Face-Off: Ravenous vs. Bone Tomahawk

I've always loved the idea of movies mixing the horror and Western genres together. Unfortunately, it's not something that happens all that often (and when it does happen, the results aren't always of the highest quality), but the thought of stories about monsters and maniacal murderers being set in the Old West is fascinating to me. This weekend's release of the Western remake THE MAGNIFICENT SEVEN gave me the excuse to take a look at a pair of horror / Western mash-ups that both feature impressive casts that include David Arquette, cannibal villains, and a quirky sense of humor - Antonia Bird's RAVENOUS (1999) and S. Craig Zahler's BONE TOMAHAWK (2015).
America, 1847. An act of cowardice during a Mexican-American War battle gets Army soldier Boyd exiled to the mountain outpost Fort Spencer. After the survivor of a group of travelers who got trapped in a cave and had to resort to cannibalism shows up at the fort, the Native American Wendigo legend turns out to be very true - those who eat human meat absorb the essence of their fellow man. With cannibals planning to use the fort as a way to trap and feed on more travelers, the cowardly Boyd will need to work up the bravery to thwart their schemes in this oddball tale.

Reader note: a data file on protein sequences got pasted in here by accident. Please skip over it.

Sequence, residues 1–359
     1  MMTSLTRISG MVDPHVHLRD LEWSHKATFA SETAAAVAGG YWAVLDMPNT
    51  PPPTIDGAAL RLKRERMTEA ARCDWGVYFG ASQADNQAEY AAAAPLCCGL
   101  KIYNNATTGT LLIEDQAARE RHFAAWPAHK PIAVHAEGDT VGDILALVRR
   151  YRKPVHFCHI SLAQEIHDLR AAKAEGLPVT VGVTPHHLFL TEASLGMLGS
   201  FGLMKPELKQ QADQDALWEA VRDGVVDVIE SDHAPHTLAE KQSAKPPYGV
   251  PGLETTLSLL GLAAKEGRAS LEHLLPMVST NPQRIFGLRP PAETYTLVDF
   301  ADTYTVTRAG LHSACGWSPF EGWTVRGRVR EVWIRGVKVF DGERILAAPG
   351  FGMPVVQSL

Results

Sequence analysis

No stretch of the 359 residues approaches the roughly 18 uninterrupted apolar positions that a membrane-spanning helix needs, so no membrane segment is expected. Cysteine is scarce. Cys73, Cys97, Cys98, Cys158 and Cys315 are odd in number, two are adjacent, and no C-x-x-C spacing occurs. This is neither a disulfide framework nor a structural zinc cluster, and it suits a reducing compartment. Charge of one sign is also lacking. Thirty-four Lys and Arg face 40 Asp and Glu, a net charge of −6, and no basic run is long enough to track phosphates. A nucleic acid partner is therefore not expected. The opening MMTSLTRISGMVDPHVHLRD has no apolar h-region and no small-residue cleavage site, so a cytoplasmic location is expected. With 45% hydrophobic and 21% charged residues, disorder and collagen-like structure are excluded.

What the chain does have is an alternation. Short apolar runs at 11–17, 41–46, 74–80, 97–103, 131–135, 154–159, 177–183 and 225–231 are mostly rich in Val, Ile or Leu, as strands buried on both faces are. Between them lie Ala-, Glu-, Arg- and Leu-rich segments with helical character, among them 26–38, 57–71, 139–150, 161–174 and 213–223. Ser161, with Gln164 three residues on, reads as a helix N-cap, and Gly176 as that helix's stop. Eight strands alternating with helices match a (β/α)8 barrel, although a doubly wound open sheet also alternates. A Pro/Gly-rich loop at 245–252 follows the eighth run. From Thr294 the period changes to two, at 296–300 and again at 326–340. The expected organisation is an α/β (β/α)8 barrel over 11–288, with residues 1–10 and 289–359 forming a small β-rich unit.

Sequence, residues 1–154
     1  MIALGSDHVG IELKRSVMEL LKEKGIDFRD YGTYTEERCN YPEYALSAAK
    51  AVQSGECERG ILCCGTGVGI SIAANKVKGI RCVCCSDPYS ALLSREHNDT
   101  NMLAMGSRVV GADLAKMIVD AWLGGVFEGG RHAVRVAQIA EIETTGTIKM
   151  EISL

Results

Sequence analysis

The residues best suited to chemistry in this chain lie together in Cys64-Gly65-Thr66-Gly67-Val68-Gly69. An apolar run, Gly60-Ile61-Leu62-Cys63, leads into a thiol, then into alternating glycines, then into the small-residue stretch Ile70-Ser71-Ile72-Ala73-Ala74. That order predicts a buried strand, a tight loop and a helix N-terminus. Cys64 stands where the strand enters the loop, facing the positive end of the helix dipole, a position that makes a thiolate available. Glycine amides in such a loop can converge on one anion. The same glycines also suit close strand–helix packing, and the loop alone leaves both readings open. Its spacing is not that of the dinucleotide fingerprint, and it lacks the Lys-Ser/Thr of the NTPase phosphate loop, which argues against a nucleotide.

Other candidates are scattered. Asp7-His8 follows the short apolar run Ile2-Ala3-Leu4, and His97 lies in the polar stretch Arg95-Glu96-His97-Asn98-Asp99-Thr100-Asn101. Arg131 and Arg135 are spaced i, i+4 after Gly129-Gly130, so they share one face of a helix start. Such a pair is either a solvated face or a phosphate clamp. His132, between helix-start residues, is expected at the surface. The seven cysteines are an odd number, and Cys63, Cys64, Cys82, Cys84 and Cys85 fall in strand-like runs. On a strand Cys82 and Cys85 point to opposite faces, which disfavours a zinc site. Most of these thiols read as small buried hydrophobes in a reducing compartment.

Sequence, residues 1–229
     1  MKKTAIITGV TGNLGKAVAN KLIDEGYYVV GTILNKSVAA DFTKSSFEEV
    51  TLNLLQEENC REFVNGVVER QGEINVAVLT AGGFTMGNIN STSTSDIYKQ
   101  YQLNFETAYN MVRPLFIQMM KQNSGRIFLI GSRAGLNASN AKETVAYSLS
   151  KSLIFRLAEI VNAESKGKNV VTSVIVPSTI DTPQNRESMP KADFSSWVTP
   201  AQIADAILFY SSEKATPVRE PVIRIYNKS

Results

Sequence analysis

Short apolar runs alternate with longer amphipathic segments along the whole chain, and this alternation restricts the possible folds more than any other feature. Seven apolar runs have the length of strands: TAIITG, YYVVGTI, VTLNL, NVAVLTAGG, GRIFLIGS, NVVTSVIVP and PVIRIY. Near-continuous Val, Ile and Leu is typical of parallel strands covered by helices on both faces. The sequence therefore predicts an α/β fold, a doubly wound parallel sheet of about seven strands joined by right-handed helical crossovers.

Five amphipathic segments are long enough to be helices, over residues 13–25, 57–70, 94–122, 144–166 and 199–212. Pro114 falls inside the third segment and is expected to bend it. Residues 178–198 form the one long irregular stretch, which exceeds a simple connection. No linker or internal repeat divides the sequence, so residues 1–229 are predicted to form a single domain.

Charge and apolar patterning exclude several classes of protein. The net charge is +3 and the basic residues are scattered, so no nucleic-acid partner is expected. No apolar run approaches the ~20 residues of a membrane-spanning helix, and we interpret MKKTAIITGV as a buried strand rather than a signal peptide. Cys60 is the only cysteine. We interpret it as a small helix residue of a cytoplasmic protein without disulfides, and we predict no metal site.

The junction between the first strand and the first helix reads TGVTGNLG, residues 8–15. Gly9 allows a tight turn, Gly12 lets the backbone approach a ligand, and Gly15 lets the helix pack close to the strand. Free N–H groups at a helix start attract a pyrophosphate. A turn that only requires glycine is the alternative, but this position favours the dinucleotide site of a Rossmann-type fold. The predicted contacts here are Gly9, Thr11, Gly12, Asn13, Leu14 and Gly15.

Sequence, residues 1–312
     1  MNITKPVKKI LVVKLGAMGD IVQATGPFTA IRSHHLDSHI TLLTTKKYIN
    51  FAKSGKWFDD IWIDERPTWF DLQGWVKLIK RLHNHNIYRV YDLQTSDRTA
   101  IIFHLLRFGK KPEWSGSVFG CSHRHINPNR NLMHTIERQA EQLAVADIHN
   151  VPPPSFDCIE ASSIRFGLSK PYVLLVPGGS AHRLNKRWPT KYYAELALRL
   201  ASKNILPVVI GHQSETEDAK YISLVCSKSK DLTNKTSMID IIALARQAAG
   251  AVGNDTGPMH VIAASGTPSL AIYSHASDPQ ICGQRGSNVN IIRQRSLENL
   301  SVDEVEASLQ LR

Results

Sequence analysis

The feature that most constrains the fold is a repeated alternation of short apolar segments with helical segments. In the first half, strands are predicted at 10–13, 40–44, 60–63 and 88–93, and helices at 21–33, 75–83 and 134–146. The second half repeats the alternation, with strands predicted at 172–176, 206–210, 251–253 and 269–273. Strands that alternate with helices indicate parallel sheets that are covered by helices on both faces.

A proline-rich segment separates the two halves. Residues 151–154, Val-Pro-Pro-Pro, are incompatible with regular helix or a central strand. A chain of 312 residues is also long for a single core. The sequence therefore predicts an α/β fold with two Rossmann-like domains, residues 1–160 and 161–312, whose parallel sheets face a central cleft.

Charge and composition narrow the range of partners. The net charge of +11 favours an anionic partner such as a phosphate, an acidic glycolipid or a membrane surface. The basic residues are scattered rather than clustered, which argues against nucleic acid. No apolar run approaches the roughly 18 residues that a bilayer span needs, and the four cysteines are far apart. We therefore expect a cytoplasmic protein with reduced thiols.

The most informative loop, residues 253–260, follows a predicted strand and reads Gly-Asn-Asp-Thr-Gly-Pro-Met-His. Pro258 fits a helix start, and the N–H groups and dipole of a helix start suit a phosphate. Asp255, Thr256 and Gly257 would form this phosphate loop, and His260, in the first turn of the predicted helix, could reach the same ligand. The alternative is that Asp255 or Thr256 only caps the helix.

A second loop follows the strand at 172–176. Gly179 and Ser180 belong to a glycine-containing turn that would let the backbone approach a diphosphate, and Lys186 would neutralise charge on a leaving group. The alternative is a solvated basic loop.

America, the 1890s. When a criminal drifter who has desecrated the graveyard of a tribe of cannibals shows up in the small town of Bright Hope, it's not long before he gets wounded by the local sheriff and locked up in a jail cell. The cannibals follow close behind him, snatching him from the jail and taking a deputy and a doctor's assistant with him. A four man search and rescue party is assembled and heads out into the desert to find the tribe and retrieve the captives from their clutches. A harrowing journey builds up to an exciting, violent climax.
Intriguing characters played by the likes of David Arquette, Jeremy Davies, Jeffrey Jones, Stephen Spinella, Neal McDonough, Joseph Runningfox, and Sheila Tousey come and go at Fort Spencer, but the hero we're stuck with is Guy Pearce as Captain John Boyd, a coward who only gains some intestinal fortitude once he has consumed human meat or blood. Boyd is a rather ineffectual fellow, so useless it can be frustrating at times. It takes until the film's final moments for him to finally step up and become a character worth rooting for.
The search and rescue group is an interesting bunch brought to life by an awesome cast. Kurt Russell delivers a reliably badass performance as Sheriff Hunt; Richard Jenkins is hilarious as his dim-witted, elderly deputy Chicory; Matthew Fox is vain and arrogant Indian hunter Brooder; and Patrick Wilson's O'Dwyer pushes through the excruciating complication of a broken leg to save his wife Samantha, the doctor's assistant. Relative newcomer Lili Simmons also makes a great impression as the knowledgeable Samantha.
Although others partake in human meat over the course of the film, the primary villainous cannibal in this film is Robert Carlyle as Colqhoun (or is it Ives?). This guy is a master manipulator who can get most around him to believe any yarn he spins and a devilish figure who tries to lure others into becoming cannibals. Colqhoun/Ives is a great character and Carlyle is captivating in the role.